We know that teachers are the best judge to determine the right fit for their unique group of students. We recommend Cinderella for students in Kindergarten-12th grade due to the length of this performance. Check out the synopsis and content advisories for full information. 

Approximate run time: 2 hours including intermission.

Run time and other details are subject to change during rehearsal process.

Plot synopsis

Caution: this is a complete synopsis of the play, so it is full of spoilers.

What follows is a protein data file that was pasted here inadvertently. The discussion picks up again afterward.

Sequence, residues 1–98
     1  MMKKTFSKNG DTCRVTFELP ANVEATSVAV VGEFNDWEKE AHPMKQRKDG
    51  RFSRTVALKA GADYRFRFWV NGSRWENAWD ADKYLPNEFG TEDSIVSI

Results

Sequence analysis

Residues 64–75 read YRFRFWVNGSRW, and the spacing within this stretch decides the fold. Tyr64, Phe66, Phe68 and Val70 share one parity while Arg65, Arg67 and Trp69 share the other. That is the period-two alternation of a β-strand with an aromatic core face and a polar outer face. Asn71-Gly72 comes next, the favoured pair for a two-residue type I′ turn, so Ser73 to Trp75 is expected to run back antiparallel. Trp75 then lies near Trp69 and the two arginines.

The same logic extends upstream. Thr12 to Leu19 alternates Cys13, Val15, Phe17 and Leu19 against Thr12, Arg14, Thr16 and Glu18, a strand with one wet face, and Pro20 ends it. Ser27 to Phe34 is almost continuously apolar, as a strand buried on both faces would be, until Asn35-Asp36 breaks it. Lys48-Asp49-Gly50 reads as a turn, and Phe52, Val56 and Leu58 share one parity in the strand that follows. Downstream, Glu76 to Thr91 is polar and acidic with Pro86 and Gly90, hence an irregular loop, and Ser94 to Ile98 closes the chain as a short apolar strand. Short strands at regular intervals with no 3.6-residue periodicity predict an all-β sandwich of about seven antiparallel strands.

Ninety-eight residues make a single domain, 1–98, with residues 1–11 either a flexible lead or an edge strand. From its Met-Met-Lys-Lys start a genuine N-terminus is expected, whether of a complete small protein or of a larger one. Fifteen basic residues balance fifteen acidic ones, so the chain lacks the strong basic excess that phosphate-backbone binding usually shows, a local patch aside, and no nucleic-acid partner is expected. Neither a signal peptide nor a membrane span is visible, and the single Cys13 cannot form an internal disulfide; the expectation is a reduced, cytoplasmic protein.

Lights rise on a Victorian Christmas party. A family is singing a traditional Christmas carol. As they sing, guests begin to arrive. The host begins to tell the children at party the story of Cinderella. As he tells it, a curtain rises and we see the kitchen of the home where Cinderella lives with her stepmother and stepsisters. It is morning and, as usual, the stepsisters, Dorcas and Pearl, are ordering Cinderella around. We learn that since their mother married Cinderella’s father, Cinderella has been reduced to a position of servitude–forced to cook and clean and be at her stepsisters’ beck and call.